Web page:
Joining the Fray
The number of potential movers and shakers in the field of autonomous taxiing seems to be ever growing. But the stiff competition may benefit the consumer and force the competitors to create the best product possible. Not only will they be competing among themselves, but also with traditional taxis and personally owned vehicles. The latest company to join in on the fun is also one of the biggest and fanciest in the world.
Mercedes-Benz is teaming up with vehicle component manufacturer Bosch to fast-track a self-driving taxi service. The company is expecting to launch the service as soon as 2020, a year earlier than other companies' plans. Ford, BMW, General Motors, and Google’s Waymo all plan to launch their services in or around 2021. Uber has already deployed self-driving cars in Pittsburgh to test their service. The vehicles are monitored by a live person and they have the ability to take over control if the need arises. The other offerings will likely roll out the same way initially.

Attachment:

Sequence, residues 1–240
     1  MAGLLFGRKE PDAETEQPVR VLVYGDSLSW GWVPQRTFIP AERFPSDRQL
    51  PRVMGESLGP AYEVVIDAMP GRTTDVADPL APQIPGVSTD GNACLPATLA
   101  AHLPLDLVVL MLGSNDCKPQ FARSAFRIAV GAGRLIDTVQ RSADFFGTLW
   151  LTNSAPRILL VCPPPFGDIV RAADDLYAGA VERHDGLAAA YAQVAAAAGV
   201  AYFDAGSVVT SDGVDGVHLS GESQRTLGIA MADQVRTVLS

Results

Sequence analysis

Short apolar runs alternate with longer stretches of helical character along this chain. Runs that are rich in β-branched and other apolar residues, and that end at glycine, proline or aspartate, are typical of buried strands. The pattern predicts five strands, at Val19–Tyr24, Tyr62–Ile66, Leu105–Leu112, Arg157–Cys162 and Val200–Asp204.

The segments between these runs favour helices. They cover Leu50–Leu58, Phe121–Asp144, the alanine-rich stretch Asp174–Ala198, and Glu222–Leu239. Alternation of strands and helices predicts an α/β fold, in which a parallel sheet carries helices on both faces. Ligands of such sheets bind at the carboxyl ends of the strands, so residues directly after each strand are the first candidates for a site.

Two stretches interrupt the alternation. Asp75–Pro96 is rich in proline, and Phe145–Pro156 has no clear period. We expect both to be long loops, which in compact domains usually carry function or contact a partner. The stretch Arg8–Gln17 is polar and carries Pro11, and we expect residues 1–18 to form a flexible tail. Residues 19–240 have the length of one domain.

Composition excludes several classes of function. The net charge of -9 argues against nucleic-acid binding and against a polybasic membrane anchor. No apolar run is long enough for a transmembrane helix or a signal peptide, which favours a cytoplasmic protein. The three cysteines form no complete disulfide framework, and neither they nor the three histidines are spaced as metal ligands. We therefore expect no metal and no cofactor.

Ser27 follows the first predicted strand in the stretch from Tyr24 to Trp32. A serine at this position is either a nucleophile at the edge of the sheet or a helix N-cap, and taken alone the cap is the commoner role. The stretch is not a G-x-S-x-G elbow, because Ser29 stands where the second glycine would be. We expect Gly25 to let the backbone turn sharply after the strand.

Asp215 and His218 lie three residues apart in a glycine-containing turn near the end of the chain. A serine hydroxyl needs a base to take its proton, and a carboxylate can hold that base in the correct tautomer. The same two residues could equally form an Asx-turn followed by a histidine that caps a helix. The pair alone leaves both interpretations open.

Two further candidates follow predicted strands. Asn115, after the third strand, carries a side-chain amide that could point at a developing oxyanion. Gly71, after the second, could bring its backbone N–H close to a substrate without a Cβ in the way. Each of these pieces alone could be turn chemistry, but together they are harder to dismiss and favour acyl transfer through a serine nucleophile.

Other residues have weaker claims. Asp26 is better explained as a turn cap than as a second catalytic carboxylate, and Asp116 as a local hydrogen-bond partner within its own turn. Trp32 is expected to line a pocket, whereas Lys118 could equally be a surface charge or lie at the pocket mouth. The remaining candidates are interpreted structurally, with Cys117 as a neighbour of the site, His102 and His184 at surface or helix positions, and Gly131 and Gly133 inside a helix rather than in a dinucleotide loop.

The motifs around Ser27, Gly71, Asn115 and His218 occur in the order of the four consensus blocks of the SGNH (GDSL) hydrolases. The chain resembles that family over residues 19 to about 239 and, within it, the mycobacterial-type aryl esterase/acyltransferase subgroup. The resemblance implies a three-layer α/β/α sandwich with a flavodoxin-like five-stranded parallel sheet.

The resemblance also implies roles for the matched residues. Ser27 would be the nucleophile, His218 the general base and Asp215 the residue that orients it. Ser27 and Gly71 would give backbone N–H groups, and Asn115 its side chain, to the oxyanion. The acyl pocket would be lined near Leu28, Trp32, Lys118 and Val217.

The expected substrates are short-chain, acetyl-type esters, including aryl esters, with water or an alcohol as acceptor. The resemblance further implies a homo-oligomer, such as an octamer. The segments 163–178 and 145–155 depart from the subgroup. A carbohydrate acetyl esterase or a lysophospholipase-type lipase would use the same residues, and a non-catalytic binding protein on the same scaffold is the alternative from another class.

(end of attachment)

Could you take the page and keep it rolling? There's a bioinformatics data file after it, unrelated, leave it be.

Studies have shown that between 90 and 93 percent of all vehicular accidents are caused by human error. By removing the human from the equation, we could significantly reduce these incidents — theoretically, at least. There is always a lot of press surrounding any collisions or other incidents involving self-driving tech, whether they involve Tesla's offerings or Uber's taxis. So it is clear that self-driving vehicles will not end all accidents, but they could still potentially save thousands of lives.
Reducing driving-related deaths would be a fantastic attribute of self-driving vehicles, but that's not the only potential benefit. These vehicles are all run on electric power, so they are much cleaner than fossil fuel-burning, traditional vehicles. With one-third of all air pollution coming from operating gasoline-powered vehicles, mitigating their role in daily transportation will help keep us from further damaging the environment.
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